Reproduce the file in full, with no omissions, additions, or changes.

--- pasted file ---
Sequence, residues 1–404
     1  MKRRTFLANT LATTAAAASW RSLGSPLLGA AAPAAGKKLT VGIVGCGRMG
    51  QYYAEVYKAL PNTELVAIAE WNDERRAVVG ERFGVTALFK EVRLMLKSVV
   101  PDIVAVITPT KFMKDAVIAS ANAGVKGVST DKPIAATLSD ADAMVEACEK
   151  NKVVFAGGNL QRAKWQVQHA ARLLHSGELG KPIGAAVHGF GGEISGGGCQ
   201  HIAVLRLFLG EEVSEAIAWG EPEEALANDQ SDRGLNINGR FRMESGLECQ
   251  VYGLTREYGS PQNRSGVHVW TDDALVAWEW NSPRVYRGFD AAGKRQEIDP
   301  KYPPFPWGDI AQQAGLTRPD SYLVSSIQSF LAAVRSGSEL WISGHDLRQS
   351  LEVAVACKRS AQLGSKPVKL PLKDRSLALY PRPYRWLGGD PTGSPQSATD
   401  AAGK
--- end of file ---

Sequence, residues 1–404
     1  MKRRTFLANT LATTAAAASW RSLGSPLLGA AAPAAGKKLT VGIVGCGRMG
    51  QYYAEVYKAL PNTELVAIAE WNDERRAVVG ERFGVTALFK EVRLMLKSVV
   101  PDIVAVITPT KFMKDAVIAS ANAGVKGVST DKPIAATLSD ADAMVEACEK
   151  NKVVFAGGNL QRAKWQVQHA ARLLHSGELG KPIGAAVHGF GGEISGGGCQ
   201  HIAVLRLFLG EEVSEAIAWG EPEEALANDQ SDRGLNINGR FRMESGLECQ
   251  VYGLTREYGS PQNRSGVHVW TDDALVAWEW NSPRVYRGFD AAGKRQEIDP
   301  KYPPFPWGDI AQQAGLTRPD SYLVSSIQSF LAAVRSGSEL WISGHDLRQS
   351  LEVAVACKRS AQLGSKPVKL PLKDRSLALY PRPYRWLGGD PTGSPQSATD
   401  AAGK